FORTUNE — This time Citigroup may not have gotten to the dance soon enough.
On Tuesday morning, Citi’s CEO Vikram Pandit said he was stepping down. The bank announced that Michael Corbat, a long-term veteran of the bank and former head of investment banking, was taking over.
Pandit’s resignation comes one day after the bank announced third quarter earnings that showed Citi (C) had missed the recent rebound in mortgage lending. Following a long telegraphed move by the Federal Reserve, falling mortgage rates have spurred a refinancing wave in home loans. What’s more, a higher than normal spread between mortgage rates and other interest rates have allowed a number of banks to mint money in their home loans division.
MORE: Citigroup’s Pandit out
Citigroup is the exception. Mortgage lending dropped in the quarter from a year ago. Citi’s CFO admitted on Monday that the bank was late to staffing up in the area. The bank’s lack of ability to pivot and get back into the housing market, something its rivals appeared to do with ease, could have been what finally pushed the board to decide that Pandit should go.
Indeed, the counts against Pandit seemed to be adding up in the past few months. Earlier this year, Citi “failed” its Federal Reserve stress test after Citi executives requested the ability to increase the firm’s dividend, which many saw as a major miscalculation. As a result, Citi emerged looking weaker than other banks that hadn’t proposed a dividend increase.
Following that, shareholders voted to reject a package that would have paid Pandit $15 million. Citi has said that the board is reviewing Pandit’s pay. A spokesman declined to comment on the status of that review. More recently, Citi appeared to lose out to Morgan Stanley in its negotiations over the sale of the bank’s Salomon Smith Barney brokerage unit. In the recent quarter, Citi was forced to take a $3 billion loss on the sale. Along with housing, the defeat on SSM may have been the final straw for Citi’s board.
What’s more, a source says there has been growing tension between Pandit and Citi’s board of directors. The person says that in particular the relationship between Pandit and Citi’s chairman Michael O’Neill appeared to have soured. On top of that, Citi’s stock, unlike the shares of other banks, has yet to recover from the financial crisis. Citi’s shares remain down about 90% since Pandit took over in late 2007.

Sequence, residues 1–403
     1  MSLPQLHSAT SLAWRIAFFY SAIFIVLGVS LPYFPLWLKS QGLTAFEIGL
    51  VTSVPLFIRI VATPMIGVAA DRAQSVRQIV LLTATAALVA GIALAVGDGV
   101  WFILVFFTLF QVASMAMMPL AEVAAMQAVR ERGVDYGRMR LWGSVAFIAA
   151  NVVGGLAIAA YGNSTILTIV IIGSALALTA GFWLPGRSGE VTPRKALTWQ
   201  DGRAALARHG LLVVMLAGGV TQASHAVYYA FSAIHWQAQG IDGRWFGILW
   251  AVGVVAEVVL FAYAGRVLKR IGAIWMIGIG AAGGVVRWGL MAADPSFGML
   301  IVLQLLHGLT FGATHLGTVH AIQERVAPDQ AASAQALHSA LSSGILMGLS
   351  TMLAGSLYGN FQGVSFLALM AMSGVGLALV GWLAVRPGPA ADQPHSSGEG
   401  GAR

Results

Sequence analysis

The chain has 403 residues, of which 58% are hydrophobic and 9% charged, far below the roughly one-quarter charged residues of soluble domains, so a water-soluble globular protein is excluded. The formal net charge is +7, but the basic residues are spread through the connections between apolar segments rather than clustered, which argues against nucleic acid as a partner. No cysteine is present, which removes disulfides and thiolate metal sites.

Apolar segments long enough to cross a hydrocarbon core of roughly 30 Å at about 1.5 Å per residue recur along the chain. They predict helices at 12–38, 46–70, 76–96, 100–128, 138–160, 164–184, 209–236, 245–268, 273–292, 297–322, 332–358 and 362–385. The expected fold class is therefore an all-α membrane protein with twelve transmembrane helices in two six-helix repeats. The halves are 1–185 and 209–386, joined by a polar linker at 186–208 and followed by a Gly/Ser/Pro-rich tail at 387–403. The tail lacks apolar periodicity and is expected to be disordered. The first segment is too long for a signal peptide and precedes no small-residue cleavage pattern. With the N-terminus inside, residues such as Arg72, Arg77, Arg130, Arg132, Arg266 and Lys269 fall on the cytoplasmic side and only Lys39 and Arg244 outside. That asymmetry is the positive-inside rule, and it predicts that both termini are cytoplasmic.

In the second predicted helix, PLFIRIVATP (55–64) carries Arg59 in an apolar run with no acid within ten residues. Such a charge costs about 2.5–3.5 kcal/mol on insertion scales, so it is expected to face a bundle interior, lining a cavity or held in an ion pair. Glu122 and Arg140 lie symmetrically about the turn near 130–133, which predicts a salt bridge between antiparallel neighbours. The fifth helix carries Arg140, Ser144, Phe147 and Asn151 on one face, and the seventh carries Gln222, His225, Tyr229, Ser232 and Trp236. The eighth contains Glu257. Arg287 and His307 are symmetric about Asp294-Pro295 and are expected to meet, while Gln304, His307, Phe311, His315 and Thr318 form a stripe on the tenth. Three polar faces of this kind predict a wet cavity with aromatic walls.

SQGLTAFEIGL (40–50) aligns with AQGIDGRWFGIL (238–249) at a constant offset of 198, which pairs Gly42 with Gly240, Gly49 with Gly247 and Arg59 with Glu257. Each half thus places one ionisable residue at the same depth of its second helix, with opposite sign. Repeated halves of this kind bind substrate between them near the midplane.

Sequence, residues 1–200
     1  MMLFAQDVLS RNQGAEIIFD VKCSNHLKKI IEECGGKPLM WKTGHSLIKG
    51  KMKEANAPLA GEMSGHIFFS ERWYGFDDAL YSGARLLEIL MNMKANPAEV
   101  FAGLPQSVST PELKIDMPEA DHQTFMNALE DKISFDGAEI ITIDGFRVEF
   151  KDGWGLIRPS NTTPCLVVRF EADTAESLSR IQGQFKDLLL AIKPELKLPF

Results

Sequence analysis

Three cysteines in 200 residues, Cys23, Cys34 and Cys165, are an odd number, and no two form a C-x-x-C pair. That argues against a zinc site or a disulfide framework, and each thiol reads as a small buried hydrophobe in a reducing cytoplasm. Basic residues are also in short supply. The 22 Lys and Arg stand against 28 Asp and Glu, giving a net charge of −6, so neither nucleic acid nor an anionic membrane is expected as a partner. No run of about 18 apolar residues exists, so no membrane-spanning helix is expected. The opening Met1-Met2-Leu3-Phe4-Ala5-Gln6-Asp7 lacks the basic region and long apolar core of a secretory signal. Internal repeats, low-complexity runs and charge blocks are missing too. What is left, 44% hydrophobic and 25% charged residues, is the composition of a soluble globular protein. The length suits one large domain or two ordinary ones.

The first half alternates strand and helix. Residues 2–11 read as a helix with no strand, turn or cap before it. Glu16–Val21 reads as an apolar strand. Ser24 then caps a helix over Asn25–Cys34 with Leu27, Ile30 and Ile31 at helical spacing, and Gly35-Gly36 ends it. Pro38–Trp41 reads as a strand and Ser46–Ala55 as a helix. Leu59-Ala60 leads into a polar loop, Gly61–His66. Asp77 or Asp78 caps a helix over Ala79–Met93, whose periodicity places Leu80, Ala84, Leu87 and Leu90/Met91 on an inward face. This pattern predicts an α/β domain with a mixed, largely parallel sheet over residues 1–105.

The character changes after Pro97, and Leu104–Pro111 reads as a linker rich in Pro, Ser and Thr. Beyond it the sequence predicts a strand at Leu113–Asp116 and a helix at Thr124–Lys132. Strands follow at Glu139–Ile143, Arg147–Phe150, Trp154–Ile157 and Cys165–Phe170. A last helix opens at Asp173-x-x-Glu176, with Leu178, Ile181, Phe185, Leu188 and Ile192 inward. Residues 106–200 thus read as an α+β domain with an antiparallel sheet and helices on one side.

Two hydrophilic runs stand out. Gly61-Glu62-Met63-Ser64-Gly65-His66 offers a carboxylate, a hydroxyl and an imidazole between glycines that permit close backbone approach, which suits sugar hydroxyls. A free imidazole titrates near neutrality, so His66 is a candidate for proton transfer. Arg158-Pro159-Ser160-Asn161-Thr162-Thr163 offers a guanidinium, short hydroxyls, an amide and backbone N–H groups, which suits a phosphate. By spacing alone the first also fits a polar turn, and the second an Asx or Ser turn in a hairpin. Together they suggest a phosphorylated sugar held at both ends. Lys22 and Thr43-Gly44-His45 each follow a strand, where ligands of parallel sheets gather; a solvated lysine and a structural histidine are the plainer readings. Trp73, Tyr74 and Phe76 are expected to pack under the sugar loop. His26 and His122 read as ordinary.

Just four years ago, Citi was roundly criticized for failing to see warnings that housing was about to cause massive problems in the mortgage market, and massive losses for the bank. It’s CEO at the time Chuck Prince explained his misstep by saying that as long as the music is playing you have to keep dancing.
Once again, Citi appears to have missed a big turn in financial markets, and come out the loser. On Monday, Citi’s CFO John Gerspach said that he didn’t see what everyone else seems to be talking about when it comes to a mortgage rebound. He said he had doubts whether the weak economy could be enough to sustain the housing market. What’s more, throw in uncertainty around the election and the fiscal cliff and what you get is a reasonably good chance that the current housing market rebound will be short-lived.
“I don’t use phrases like `turn the corner,'” Gerspach said. “I have difficulty seeing corners sometimes, so I’m not sure what corner we may have turned.”
This year, though, nearly every gauge of the housing market appears to have turned up. In the past few months, a number of prominent observers have said they think housing is rebounding. Last week, Jamie Dimon, CEO of JPMorgan Chase (JPM), said just that. And executives of Wells Fargo say they see a housing rebound as well. Roger Altman, chairman of Evercore Partners and former deputy Treasury secretary, recently wrote in the Financial Times that the housing market has turned and could be booming again by 2015. Earlier this year, Warren Buffett said he would bet on a housing rebound.
Even Citi’s own chief strategist has been saying for months that a housing rebound is in the works. In a presentation from early August, Tobias Levkovich, Citi’s top U.S. market strategist, wrote of the U.S. housing market that “a bottom seems very likely and probably sooner rather than later.” Apparently, Pandit missed that powerpoint.